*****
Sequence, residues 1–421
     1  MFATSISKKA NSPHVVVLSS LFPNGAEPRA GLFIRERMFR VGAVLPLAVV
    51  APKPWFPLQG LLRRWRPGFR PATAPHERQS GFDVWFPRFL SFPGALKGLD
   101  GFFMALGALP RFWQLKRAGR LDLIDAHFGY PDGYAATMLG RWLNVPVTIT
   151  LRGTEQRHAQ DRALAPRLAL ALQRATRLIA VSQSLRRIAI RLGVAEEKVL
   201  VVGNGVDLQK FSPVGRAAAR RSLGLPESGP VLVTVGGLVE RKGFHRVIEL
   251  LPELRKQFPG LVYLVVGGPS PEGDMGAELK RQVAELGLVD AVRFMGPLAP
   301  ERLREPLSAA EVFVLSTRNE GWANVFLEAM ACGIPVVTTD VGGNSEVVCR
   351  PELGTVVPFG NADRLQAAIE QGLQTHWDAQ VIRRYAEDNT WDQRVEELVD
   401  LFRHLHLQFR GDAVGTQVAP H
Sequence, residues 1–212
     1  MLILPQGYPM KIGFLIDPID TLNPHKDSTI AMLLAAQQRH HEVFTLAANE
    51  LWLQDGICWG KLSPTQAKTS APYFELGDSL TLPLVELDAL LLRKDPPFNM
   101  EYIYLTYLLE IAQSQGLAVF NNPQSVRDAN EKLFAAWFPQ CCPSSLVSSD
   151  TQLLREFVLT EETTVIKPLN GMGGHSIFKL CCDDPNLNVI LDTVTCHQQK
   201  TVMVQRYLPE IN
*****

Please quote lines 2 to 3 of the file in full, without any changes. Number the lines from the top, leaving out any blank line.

     1  MFATSISKKA NSPHVVVLSS LFPNGAEPRA GLFIRERMFR VGAVLPLAVV
    51  APKPWFPLQG LLRRWRPGFR PATAPHERQS GFDVWFPRFL SFPGALKGLD